When you’re trying to determine which product to buy, one valuable calculation to make is the total cost of ownership of the item.
For example, if you’re buying a washing machine, it’s worthwhile to also include in the calculation the total cost of the energy you’ll use during the lifespan of the washing machine (as well as the water used).
Why is this important? Let’s say you’re going to buy a washing machine. You’re going to do about 7 loads of laundry a week, taking half an hour a load, and you anticipate using the machine for ten years. This is a pretty reasonable washing machine assumption for a family
You look at washers and see that one uses about 0.1 kWh of electricity (and thus sports an EnergyStar logo), while another uses 0.45 kWh of electricity. This seems like a small difference, but it really adds up.
Let’s say that electricity averages $0.15 per kWh nationwide.
So, how much are you going to use your washing machine? With the numbers quoted above, you’re going to use that machine for 1,820 hours over its lifetime.
The more energy efficient machine uses 182 kWh of electricity over its lifetime, costing you $27.50 in electricity. The less efficient machine uses 819 kWh of electricity, costing you $122.85.
There’s a nearly $100 difference in the total cost of ownership of these two washers. What’s amazing is that this is a relatively undramatic example.
For instance, if you compare a baseline water heater to an energy-efficient one, you’ll see savings easily approaching $300 in efficiency over the lifetime of an electric water heater and a savings of $500 over the lifetime of a gas water heater.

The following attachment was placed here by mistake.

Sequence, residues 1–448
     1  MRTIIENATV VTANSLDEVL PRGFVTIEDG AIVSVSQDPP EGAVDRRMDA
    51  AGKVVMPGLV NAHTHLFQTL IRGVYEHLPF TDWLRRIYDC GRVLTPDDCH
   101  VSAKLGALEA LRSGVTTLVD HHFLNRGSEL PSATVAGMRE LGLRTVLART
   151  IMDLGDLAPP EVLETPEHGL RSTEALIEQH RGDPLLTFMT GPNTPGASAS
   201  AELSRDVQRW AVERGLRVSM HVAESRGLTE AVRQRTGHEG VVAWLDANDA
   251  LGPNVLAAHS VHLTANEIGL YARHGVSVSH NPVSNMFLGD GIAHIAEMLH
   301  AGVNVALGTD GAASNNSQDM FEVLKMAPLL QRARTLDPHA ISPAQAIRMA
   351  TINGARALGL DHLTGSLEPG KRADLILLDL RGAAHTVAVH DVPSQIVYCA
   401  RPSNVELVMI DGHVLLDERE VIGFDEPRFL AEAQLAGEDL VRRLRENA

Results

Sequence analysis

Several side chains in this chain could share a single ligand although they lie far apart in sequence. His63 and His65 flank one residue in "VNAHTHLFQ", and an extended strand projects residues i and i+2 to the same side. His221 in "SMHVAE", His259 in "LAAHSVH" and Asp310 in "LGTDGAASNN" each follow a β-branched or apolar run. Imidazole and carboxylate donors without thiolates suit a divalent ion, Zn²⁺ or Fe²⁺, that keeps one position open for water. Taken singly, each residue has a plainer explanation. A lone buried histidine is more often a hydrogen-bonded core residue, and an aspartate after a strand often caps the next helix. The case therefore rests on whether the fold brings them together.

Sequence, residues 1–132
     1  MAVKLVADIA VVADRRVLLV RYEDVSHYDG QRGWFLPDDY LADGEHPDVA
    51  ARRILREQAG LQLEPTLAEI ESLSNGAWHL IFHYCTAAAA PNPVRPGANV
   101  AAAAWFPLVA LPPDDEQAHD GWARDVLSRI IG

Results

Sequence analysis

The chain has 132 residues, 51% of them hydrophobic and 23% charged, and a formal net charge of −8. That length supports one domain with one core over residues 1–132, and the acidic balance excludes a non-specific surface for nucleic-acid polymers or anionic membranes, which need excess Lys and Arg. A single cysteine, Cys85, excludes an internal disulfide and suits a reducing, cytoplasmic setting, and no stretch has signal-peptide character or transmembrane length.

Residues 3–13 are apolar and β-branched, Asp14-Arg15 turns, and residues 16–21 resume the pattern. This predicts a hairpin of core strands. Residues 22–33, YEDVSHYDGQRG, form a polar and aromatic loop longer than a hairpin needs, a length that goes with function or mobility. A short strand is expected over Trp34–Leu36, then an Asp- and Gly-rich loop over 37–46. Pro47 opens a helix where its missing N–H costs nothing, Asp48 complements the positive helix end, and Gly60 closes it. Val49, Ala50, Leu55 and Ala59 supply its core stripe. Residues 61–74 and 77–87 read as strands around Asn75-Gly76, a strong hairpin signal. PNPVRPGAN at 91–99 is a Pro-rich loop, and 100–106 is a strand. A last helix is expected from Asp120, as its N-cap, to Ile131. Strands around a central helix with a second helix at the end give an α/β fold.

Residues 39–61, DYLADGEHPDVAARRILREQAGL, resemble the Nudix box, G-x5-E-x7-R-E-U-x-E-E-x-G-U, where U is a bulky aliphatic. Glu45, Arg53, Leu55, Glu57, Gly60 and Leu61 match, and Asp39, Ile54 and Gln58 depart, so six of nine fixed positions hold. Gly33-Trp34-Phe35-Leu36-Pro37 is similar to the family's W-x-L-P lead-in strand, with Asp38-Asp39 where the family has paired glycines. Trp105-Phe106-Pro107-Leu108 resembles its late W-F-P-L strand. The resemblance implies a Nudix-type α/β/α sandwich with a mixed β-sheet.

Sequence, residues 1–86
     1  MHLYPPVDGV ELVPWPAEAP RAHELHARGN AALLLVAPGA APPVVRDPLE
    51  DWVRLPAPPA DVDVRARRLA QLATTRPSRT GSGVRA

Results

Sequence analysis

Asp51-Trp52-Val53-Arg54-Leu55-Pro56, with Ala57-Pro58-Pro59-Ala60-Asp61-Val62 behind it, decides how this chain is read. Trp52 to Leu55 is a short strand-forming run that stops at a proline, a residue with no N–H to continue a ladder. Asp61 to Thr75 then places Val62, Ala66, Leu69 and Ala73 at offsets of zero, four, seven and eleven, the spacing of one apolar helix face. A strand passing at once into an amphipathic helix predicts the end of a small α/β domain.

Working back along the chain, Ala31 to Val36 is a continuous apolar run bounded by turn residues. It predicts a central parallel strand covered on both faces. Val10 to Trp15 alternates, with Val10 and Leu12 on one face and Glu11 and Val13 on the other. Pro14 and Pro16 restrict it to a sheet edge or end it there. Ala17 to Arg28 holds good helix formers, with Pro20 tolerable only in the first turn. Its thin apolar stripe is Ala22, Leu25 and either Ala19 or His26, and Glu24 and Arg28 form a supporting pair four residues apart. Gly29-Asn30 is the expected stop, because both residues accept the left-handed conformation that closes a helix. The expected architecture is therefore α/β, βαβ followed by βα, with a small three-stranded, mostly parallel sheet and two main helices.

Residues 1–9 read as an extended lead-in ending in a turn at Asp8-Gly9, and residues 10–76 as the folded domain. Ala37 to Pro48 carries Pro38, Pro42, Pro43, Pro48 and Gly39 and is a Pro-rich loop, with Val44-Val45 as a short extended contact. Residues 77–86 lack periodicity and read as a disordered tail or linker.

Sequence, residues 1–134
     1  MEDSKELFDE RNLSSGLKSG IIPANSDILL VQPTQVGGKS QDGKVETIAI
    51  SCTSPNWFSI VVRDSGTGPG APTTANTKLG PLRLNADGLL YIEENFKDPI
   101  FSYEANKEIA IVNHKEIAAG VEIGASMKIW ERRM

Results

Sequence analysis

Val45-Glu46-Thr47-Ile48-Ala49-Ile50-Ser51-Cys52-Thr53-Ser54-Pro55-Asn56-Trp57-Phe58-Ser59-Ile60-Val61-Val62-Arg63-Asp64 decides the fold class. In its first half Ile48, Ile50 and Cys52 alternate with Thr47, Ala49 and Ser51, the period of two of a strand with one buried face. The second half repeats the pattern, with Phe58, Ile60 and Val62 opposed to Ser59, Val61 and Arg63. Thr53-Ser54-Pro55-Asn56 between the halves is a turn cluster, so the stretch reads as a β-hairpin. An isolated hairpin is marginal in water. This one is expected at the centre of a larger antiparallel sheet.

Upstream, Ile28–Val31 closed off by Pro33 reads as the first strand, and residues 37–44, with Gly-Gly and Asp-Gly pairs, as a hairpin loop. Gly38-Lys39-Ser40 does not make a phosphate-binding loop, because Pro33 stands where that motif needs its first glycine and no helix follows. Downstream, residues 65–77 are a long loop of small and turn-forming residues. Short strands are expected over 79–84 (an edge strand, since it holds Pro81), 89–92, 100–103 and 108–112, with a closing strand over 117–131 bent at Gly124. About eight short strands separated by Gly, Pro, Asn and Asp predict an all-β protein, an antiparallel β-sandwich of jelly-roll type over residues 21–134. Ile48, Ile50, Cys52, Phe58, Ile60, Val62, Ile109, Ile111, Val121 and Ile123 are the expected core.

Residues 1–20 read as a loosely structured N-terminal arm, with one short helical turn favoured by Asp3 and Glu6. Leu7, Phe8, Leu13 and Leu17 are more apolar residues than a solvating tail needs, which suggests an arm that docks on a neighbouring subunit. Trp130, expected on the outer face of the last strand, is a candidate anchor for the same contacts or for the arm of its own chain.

The challenge here, of course, is finding all of the numbers you’ll need to calculate these things. This can often be a significant job, particularly for those who are challenged by calculations.
If that fits your description, a great starting point is to simply look for the familiar Energy Star logo on the energy-using item you’re buying. An Energy Star logo simply means that the product has voluntarily conformed to a set of energy-efficiency guidelines set by the EPA and Department of Energy. These guidelines are usually reasonably stringent but not unattainable, meaning you’ll find some products that carry the logo alongside others that do not. (Yes, there is some criticism of the Energy Star program as there would be with any such program, but it has teeth, too.)
From my own evaluation of the numbers, I’ve found that devices that don’t bother to carry the EnergyStar logo tend to not worry too much about energy efficiency at all and have quite poor energy use numbers. In other words, there seems to be an energy efficiency gap just outside the limits of the standard where no products are made, meaning products either make the Energy Star standards or don’t even come close.
Almost always, the Energy Star logo is worth it, especially when you’re comparing otherwise similar models at the same price (which you can often see on store shelves). It’s also even worth paying a bit more for on heavy energy use items, like air conditioners and water heaters.
It will save you money in the long run – and your future self will appreciate the lowered electricity bills.
This post is part of a yearlong series called “365 Ways to Live Cheap (Revisited),” in which I’m revisiting the entries from my book “365 Ways to Live Cheap,” which is available at Amazon and at bookstores everywhere. Images courtesy of Brittany Lynne Photography, the proprietor of which is my “photography intern” for this project.